Monday, July 20, 2009

'Improved statistical housekeeping' in D.C.

Another miracle?

No, it's not the Texas miracle (Rod Paige). It's not the Chicago miracle (Arne Duncan) either. No, this time we're all talking about the Michelle Rhee miracle in D.C. If you haven't already heard the news, test scores have gone up in the nation's capital, under Rhee's precise and decisive test-prep strategy.

Yes, elementary schools increased their scores by 8.1 % in math, 3.8% in reading. In the middle and high schools it was a 2% increase in reading and 4% in math.

What's the significance of all these numbers? Do they indicate a real improvement in teaching and learning? Well no. Not exactly. Do they reflect an improvement in the living conditions for students outside of school? Well no, not that either. Do they mean anything at all has changed in the classroom? No. Then what exactly did Supt. Rhee to increase scores on the DCComp tests?

It's simple, according to the Washington Post report. Taking her cue from Chicago, she used a strategy that relied on "improved statistical housekeeping."

Rhee's version includes,

"intensive test preparation targeted to a narrow group of students on the cusp of proficient, or passing, scores, and "cleaning the rosters" of students ineligible to take the tests -- and also likely to pull the numbers down." Chancellor Michelle A. Rhee described some of these approaches as the pursuit of "low-hanging fruit."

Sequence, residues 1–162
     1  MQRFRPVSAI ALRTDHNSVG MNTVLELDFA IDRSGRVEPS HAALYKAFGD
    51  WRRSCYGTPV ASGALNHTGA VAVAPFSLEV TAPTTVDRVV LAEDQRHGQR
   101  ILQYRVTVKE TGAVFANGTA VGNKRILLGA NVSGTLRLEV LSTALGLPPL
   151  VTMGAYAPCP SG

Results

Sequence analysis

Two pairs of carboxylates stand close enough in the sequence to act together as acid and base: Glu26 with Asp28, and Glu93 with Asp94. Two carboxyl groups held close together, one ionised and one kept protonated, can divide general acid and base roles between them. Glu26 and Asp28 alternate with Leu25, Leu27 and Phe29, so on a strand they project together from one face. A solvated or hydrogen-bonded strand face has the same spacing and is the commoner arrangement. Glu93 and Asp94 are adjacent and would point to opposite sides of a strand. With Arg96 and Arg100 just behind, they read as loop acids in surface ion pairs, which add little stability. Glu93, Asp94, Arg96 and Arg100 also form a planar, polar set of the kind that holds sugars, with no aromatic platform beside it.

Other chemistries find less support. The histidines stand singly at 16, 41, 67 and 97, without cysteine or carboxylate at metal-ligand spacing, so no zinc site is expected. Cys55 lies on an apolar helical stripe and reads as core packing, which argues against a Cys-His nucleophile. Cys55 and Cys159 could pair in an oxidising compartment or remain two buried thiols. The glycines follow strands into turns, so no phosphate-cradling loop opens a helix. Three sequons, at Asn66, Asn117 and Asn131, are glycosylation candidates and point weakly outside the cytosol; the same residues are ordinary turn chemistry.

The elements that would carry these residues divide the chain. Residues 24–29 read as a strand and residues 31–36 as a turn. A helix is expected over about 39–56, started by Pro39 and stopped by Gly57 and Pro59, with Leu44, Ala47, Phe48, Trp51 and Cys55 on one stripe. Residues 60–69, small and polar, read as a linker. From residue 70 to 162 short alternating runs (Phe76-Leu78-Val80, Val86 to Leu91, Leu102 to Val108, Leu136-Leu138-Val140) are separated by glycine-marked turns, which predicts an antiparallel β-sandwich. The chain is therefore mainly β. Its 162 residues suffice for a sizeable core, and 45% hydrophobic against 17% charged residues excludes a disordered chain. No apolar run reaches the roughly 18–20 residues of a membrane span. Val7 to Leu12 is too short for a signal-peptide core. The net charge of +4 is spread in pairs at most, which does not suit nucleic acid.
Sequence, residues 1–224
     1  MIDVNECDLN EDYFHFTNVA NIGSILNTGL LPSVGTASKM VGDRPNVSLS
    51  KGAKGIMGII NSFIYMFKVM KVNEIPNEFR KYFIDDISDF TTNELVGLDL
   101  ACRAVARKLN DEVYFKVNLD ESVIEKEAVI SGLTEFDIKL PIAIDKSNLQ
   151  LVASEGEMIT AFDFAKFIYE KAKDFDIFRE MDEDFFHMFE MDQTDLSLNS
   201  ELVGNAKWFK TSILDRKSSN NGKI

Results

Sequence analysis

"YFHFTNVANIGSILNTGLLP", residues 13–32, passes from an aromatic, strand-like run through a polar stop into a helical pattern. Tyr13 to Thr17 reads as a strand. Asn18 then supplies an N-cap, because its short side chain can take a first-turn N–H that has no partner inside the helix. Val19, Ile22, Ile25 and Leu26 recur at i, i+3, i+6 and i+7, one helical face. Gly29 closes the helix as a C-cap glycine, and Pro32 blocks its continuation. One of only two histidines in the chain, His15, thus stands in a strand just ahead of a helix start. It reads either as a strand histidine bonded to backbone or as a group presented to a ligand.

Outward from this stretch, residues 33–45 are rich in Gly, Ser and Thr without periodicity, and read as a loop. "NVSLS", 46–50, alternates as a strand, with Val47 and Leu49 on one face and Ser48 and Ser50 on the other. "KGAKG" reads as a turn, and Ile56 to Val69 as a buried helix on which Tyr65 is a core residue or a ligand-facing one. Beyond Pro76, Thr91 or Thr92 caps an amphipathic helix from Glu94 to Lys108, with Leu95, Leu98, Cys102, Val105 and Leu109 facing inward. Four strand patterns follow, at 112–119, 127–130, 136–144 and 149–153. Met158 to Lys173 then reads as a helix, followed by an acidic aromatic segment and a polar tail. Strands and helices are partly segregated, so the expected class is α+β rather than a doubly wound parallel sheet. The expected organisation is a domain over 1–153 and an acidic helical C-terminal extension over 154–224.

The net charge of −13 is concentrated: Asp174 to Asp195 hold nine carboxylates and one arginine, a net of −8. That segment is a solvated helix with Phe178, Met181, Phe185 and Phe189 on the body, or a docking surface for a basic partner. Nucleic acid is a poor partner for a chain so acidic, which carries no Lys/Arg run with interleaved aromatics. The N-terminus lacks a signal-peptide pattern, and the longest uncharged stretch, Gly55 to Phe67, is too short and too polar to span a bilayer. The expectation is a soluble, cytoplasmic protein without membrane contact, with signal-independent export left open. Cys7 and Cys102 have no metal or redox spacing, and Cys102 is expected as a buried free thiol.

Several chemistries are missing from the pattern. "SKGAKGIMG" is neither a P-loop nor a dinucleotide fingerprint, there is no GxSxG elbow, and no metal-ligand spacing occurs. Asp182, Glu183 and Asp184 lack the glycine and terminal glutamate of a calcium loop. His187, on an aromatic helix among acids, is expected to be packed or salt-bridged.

Others call it educational triage.


The Second International Handbook of Educational Change is out. The blurb reads: "Written by the most influential thinkers in the field." Sounds like a must-read for a guy like me who aspires to be such a thinker. It's edited by some of my favorites--Andy Hargreaves and Ann Lieberman. So I went on Amazon to order a copy. Figured I'd read it over the summer break. Maybe even use it in my class next quarter. Guess what?Amazon has it on sale for only $588.73 (they throw in free-shipping). That's a savings of 18%, down from the list price of $679. It makes me wonder, what kind of "educational change" they're thinking about and who they think will make it?


Another horrific story about the American Indian Public Charter Schools in Oakland, "The Education Revolution: Cookie Cutter Kids?

How it all plays out in East Austin.


  1. Great great post Mike. First day I worked at Bloomberg's failing public schools in New York my superior told me he didn't focus on the first third (will already make it) or the bottom third (no chance) but concentrated strictly on just the third in the middle that had a chance to shoot up results.

    Does that mean he should get paid just 1/3 of his salary? I didn't ask but really wanted to. This kind of mentality, fueled by test score mania is disgusting.

    Thanks for the post!

  2. Mike,

    Great post about test scores in DC today. I just wanted to give you a head's up about a little blog we have in DC called "Teachers and Parents for Real Education Reform"

    We cover the issues from a similar perspective to yours, with authentic DCPS teacher voices and parent voices. You might want to link to our blog. We do to yours.

    -- Mark


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